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CIA chief strikes up 'good relationship' with North Korean leader at secret talks

Mike Pompeo travelled to North Korea to lay the ground for Donald Trump’s planned meeting with Kim Jong-un

CIA director Mike Pompeo met with North Korea's leader Kim Jong-un in secret preparations for a leadership summit. AP
CIA director Mike Pompeo met with North Korea's leader Kim Jong-un in secret preparations for a leadership summit. AP

CIA director Mike Pompeo struck up a "good relationship" with North Korean leader Kim Jong-un at a secret meeting that marked the highest-level contact between the two countries for 20 years, Donald Trump said on Wednesday.

The covert trip and the meeting between the two men – not announced at the time by either Washington or Pyongyang – came as the two countries prepared for a historic meeting between Mr Kim and US President Donald Trump.

Details of the preparatory trip first emerged in The Washington Post, which said the meeting took place just over two weeks ago and shortly after Mr Pompeo was nominated to become the US secretary of state.

Mr Trump confirmed the meeting today in a tweet. "Mike Pompeo met with Kim Jong Un in North Korea last week," he wrote. "Meeting went very smoothly and a good relationship was formed."

Mr Trump had alluded to the trip in earlier comments while hosting Japanese Prime Minister Shinzo Abe at his Florida estate. “We have had direct talks at very high levels, extremely high levels, with North Korea. And I really believe this allows good will, that good things are happening,” he said.

“We’ll see what happens... because ultimately it’s the end result that counts, not the fact that we’re thinking about having a meeting, or having a meeting,” the president said.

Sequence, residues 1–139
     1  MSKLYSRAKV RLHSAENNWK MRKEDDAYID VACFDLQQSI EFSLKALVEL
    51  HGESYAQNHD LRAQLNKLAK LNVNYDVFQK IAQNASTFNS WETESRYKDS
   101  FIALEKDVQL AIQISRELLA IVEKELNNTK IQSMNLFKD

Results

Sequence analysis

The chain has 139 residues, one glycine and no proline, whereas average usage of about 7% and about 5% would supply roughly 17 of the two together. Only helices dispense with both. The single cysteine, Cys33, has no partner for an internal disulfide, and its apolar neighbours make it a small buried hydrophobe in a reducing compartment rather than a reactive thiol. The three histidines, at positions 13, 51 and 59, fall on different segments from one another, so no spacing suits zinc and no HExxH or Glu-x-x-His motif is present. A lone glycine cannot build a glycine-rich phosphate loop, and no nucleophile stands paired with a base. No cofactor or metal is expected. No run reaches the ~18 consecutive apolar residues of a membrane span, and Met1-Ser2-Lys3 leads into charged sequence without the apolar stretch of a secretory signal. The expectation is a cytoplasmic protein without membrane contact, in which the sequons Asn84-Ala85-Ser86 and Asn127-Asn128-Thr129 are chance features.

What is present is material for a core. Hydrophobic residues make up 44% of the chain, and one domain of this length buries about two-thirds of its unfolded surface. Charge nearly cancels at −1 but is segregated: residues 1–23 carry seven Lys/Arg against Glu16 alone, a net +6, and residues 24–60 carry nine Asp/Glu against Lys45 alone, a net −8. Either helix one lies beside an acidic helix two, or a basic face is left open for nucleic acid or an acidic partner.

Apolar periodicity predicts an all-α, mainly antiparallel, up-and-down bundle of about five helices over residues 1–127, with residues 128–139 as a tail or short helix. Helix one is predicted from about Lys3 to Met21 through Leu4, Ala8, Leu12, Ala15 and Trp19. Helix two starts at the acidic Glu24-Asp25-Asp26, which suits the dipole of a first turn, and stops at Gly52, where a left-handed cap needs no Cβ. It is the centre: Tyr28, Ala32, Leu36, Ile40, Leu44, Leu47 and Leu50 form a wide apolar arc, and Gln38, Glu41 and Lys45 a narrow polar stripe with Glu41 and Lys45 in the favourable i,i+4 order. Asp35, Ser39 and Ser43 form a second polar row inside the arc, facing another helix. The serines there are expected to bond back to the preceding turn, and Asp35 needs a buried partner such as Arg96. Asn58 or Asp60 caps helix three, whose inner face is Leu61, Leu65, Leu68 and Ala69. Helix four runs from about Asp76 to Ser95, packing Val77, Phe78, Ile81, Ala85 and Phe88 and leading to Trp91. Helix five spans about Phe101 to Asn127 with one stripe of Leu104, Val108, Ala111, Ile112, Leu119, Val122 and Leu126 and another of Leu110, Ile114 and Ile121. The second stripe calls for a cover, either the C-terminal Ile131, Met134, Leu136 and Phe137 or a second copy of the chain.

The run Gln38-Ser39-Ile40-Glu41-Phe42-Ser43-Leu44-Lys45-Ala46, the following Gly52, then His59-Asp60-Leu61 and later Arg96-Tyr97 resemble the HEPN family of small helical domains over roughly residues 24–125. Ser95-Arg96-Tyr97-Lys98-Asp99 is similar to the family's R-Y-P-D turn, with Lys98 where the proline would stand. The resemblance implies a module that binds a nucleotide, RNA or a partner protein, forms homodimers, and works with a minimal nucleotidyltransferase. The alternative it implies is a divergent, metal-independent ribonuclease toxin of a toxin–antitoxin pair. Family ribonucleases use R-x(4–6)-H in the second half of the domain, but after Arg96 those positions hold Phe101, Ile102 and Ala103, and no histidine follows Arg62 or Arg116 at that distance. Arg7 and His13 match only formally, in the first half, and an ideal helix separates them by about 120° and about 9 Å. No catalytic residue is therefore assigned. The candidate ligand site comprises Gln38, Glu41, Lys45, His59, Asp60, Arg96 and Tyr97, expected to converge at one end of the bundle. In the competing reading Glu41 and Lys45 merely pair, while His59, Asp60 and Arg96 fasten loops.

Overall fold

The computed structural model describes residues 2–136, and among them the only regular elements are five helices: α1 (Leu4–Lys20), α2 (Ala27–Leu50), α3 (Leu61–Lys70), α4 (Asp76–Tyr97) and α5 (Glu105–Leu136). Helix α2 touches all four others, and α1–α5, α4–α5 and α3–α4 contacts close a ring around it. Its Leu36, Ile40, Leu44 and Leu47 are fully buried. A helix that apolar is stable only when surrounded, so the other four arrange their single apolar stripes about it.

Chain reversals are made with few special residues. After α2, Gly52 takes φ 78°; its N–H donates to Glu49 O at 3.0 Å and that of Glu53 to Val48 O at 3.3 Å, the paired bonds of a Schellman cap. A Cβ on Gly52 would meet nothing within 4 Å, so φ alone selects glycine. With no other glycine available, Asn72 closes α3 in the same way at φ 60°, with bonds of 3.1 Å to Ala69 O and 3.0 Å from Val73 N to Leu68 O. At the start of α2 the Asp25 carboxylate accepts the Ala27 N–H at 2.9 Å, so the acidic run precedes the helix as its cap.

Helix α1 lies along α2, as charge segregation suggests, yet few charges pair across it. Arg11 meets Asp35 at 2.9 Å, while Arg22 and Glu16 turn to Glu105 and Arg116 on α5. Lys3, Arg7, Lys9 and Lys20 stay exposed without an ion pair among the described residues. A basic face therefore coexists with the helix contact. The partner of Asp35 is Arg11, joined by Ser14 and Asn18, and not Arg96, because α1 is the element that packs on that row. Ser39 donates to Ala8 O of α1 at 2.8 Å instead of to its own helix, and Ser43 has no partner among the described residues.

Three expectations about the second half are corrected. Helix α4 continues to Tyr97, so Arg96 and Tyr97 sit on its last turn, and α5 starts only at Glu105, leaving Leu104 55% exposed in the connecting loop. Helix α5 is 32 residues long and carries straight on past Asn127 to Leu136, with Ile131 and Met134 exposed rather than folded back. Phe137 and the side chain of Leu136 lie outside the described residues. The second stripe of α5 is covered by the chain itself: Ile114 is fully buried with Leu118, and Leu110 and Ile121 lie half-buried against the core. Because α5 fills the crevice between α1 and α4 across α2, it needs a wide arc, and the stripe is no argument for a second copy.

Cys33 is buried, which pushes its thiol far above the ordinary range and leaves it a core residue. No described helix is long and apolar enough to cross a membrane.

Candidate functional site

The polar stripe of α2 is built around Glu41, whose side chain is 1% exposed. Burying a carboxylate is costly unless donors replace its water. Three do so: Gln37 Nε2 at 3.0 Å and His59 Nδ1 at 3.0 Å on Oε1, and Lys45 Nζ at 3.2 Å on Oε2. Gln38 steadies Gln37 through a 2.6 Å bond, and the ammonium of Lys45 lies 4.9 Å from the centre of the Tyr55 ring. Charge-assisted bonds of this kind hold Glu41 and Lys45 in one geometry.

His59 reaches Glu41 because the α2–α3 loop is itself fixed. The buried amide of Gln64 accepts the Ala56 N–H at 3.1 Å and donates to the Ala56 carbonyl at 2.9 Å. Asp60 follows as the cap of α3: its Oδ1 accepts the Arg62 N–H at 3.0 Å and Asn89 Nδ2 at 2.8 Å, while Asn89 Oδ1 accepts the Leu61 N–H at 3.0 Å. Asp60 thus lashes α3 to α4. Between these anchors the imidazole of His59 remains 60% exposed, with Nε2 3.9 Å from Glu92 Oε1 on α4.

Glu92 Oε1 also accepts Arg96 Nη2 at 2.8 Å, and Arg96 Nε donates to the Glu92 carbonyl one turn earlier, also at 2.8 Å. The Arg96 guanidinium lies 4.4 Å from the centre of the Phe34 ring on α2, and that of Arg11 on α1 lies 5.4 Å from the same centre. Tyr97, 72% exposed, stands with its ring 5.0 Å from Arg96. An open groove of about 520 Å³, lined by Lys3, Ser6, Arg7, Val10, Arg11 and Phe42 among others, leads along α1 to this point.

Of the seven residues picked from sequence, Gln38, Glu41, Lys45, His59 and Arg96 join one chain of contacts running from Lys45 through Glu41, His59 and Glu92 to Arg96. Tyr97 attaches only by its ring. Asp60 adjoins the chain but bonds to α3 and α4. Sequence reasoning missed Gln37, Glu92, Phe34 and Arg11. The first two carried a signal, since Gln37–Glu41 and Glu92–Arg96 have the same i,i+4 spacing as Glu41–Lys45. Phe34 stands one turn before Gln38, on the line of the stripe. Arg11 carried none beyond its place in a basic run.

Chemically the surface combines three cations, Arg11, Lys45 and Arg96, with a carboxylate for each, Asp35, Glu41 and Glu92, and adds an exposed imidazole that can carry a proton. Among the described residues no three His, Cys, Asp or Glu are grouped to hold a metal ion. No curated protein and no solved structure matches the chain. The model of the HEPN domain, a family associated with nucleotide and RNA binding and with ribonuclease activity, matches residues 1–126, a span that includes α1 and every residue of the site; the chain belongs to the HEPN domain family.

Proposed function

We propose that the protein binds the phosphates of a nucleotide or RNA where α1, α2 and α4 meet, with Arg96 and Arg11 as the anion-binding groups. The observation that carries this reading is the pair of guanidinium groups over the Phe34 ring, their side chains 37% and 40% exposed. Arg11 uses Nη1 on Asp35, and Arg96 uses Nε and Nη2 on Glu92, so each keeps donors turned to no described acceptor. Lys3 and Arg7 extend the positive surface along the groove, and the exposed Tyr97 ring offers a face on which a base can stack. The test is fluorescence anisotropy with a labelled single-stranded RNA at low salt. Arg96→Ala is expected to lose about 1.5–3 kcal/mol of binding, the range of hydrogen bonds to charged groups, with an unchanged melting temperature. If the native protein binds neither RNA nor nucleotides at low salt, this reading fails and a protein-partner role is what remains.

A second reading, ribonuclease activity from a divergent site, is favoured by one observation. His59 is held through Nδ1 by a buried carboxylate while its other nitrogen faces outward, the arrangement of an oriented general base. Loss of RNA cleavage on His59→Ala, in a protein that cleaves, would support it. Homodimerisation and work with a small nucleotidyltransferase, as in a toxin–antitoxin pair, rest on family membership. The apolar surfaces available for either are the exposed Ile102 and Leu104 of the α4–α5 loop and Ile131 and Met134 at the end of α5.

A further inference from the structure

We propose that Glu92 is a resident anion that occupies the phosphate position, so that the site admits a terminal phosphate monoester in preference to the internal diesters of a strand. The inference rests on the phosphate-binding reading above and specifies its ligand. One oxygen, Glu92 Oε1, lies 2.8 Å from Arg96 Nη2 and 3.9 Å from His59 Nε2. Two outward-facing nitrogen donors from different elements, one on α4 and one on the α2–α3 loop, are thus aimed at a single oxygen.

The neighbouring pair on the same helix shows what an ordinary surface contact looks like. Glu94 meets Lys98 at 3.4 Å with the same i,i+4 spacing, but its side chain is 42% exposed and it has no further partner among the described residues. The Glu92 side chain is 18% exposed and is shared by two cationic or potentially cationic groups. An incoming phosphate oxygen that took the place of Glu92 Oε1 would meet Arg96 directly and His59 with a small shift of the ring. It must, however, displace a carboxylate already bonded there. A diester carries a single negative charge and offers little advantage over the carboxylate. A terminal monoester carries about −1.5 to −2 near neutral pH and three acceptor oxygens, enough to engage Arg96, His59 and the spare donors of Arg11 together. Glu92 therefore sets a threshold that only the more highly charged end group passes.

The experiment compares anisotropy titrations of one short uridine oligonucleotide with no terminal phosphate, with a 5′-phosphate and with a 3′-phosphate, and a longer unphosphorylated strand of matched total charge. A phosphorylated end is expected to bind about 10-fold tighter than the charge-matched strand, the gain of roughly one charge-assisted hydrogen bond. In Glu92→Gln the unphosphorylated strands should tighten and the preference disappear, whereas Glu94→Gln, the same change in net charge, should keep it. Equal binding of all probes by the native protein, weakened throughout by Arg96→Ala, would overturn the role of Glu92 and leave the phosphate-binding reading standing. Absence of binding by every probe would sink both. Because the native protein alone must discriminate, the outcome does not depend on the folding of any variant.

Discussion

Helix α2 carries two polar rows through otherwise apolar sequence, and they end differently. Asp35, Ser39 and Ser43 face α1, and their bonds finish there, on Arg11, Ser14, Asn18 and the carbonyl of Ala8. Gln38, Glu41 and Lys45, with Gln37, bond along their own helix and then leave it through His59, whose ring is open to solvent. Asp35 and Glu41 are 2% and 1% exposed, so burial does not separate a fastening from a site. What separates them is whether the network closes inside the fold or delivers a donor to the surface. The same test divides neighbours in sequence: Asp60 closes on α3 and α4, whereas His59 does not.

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The planned summit will be the first time the two leaders met since the conclusion of the Korean War in 1953, which divided the peninsula and set the ground for one of the greatest foreign-policy crises for Mr Trump more than six decades later.

The previous most high-level contact was in 2000 when Madeleine Albright, then secretary of state, met with Mr Kim’s father, Kim Jong-il. She later said it was like being “some very strange movie”.

The two leaders are due to meet before June, with five locations under consideration for the meeting. None of them are in the US. Administration officials are said to be looking at possible venues outside of the peninsula, including in South East Asia and Europe.

The planned meeting came after the two men traded insults last year amid increasing tensions following missile testing by the pariah state. Mr Trump derided Mr Kim as “little rocket man” and promised to destroy North Korea if the US was threatened.

The meeting – seen by the US as an opportunity to end North Korea’s weapons programme – will also be scrutinised closely by Iranian officials, given Mr Trump’s vow to end the 2015 accord limiting Tehran’s nuclear ambitions.

Mr Kim made the offer for a summit via South Korea, an offer accepted by the president despite concerns that it would reward the regime for its aggression and give it extra legitimacy. They two sides have since communicated directly even though the countries have no diplomatic relations.

At his confirmation hearing last week to become secretary of state, Mr Pompeo played down expectations for a breakthrough deal, but said it could lay the groundwork for a comprehensive agreement on denuclearisation.

Mr Pompeo’s visit came four years after the then director of national intelligence, James Clapper, secretly visited North Korea to bring back two American detainees.

Mr Kim is set to meet South Korean president Moon Jae-in in the demilitarised zone between the rival Koreas on April 27.

Updated: April 18, 2018 03:11 PM



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